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I have been working on a project involving the new Classify[] function. More specifically, the sentiment analysis function. It works perfectly well, as in the documentation:

Classify["Sentiment", { "I love this movie", "so depressed today", "My phone broke again"}]

Returns:

{Positive, Negative, Negative}

But I fail to find any documentation on "how" this is computed, what polarity algorithm is used...

Is it possible to at least get a numerical value of the Polarity and not merely a Positive/Negative ?

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As stated in the documentation, this is simply

Classify["Sentiment", 
 { "I love this movie", "so depressed today", "My phone broke again"},   
 "Probabilities"
]
(* {<|"Positive" -> 0.709808, "Neutral" -> 0.0555217, "Negative" -> 0.23467|>, 
<|"Positive" -> 0.499522, "Neutral" -> 0.28636, "Negative" -> 0.214118|>, 
<|"Positive" -> 0.0498463, "Neutral" -> 0.0615645, "Negative" -> 0.888589|>}*)

Although, to be fair, the information is found in the documentation for ClassifierFunction under the Details section.

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    $\begingroup$ Thanks for that, but is there a way to know the classifier used for the sentiment analysis ? $\endgroup$ – afentis Oct 28 '14 at 14:48
  • $\begingroup$ @afentis it is a custom built classifier off of data we acquired, the specifics of which I don't know if I can discuss. But, in principle, it is built in the same manner you would using your own data set. $\endgroup$ – rcollyer Oct 28 '14 at 14:49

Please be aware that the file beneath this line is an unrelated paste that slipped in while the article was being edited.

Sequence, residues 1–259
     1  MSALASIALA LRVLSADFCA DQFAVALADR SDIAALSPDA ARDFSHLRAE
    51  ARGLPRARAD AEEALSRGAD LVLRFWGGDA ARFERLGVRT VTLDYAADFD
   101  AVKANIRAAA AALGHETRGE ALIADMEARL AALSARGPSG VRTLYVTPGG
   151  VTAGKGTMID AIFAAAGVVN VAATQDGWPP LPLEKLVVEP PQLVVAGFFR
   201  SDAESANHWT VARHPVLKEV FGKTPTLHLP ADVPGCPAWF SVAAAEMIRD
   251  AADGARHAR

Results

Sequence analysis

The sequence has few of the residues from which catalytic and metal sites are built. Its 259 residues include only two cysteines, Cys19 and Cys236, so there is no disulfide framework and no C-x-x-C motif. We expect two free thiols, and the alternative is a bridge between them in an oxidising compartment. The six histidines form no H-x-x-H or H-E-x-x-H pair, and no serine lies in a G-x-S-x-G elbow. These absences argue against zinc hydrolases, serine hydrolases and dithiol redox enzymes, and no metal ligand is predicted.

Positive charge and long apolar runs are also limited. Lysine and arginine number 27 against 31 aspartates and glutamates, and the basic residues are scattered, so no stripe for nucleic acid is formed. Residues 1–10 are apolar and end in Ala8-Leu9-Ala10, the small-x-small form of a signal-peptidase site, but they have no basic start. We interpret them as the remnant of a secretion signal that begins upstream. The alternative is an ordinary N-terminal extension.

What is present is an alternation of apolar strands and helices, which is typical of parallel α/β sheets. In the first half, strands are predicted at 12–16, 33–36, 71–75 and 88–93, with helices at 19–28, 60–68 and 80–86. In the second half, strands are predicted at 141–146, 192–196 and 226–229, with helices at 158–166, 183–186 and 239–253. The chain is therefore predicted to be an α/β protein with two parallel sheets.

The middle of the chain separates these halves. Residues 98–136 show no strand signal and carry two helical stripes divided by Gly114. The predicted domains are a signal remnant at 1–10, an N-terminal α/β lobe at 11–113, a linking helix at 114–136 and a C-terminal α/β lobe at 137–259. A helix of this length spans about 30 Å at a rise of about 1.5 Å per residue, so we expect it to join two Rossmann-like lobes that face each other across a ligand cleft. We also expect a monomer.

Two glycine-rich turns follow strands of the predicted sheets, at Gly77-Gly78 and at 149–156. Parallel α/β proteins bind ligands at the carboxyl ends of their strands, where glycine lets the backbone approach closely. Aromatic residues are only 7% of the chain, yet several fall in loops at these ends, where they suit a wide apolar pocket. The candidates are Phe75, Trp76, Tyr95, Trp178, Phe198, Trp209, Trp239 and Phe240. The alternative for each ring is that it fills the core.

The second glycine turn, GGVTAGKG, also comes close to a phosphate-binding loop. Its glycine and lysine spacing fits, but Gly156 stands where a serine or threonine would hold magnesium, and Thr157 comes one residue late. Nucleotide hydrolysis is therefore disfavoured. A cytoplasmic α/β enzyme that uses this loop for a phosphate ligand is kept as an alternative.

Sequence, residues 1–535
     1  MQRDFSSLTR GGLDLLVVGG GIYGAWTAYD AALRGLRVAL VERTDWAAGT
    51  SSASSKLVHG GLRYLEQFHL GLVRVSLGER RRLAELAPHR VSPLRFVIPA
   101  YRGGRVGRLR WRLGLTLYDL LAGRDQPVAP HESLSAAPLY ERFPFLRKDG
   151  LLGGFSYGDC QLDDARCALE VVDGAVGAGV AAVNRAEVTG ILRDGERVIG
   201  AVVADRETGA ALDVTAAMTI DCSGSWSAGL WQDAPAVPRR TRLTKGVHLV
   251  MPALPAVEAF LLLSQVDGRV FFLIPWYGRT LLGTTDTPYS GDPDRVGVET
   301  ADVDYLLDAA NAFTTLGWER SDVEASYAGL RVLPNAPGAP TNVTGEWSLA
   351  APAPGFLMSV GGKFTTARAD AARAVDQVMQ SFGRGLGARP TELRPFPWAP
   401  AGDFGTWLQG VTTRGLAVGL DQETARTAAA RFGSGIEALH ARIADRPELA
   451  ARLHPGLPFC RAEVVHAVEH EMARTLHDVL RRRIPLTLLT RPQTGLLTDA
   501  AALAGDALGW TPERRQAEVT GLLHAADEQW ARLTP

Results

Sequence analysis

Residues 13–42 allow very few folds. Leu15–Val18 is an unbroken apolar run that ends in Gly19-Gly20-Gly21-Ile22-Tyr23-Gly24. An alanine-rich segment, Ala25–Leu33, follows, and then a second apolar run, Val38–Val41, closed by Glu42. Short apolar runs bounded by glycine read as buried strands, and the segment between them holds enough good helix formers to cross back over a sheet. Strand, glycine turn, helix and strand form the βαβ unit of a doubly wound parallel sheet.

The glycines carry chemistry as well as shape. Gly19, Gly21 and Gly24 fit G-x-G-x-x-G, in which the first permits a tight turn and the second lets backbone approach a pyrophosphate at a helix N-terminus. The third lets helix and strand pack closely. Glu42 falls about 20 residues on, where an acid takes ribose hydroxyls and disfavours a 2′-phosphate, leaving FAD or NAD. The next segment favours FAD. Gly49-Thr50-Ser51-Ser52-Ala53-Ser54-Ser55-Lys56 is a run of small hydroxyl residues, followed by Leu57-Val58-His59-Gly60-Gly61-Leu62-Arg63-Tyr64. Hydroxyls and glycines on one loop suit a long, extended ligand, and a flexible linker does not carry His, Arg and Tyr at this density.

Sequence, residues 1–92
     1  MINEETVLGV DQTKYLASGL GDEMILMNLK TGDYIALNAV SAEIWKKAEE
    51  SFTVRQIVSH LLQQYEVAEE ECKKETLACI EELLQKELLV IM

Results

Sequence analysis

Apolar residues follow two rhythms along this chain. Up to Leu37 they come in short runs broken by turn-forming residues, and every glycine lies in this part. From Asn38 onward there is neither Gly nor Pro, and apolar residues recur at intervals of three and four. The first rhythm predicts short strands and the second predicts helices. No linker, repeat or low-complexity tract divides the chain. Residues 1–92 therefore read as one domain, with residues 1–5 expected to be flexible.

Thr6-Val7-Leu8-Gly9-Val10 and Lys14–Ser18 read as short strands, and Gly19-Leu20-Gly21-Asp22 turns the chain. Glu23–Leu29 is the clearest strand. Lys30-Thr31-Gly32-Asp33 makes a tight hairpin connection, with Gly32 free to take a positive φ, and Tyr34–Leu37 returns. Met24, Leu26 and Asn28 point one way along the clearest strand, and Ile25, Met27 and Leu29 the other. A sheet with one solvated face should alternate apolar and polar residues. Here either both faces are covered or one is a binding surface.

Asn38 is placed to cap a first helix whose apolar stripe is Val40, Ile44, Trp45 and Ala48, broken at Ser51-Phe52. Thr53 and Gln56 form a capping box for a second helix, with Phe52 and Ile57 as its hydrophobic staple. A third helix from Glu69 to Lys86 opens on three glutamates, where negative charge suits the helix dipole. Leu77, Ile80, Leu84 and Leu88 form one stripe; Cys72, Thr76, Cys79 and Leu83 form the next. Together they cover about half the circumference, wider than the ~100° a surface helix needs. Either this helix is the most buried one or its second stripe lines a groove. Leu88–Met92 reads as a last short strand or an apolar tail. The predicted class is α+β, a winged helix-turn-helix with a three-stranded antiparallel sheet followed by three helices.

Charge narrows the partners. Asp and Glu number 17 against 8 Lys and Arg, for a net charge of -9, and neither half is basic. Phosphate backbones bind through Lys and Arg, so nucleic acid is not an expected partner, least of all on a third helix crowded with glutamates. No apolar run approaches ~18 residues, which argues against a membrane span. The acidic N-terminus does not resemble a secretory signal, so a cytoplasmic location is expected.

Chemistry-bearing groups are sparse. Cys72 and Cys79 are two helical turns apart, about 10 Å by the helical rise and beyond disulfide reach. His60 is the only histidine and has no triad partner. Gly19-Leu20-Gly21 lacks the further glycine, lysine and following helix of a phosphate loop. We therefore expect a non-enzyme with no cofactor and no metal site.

• $\begingroup$ @afentis If knowing which classifier is used and the details of the algorithm are important, then I highly suggest using python for this. Its NLTK and Machine Learning libraries are light years ahead of what Mathematica is currently offering. They've also been around for several years, as opposed to just 4 or so months for Mathematica, thus tried and tested and more importantly, bugs are actively fixed and new algorithms are routinely added. $\endgroup$ – rm -rf Oct 28 '14 at 14:52
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    $\begingroup$ @rm-rf publicly available for 4 months ... $\endgroup$ – rcollyer Oct 28 '14 at 14:54
  • $\begingroup$ @afentis Look up Naïve Bayes classifiers and hierarchical classification. $\endgroup$ – rm -rf Oct 28 '14 at 14:59

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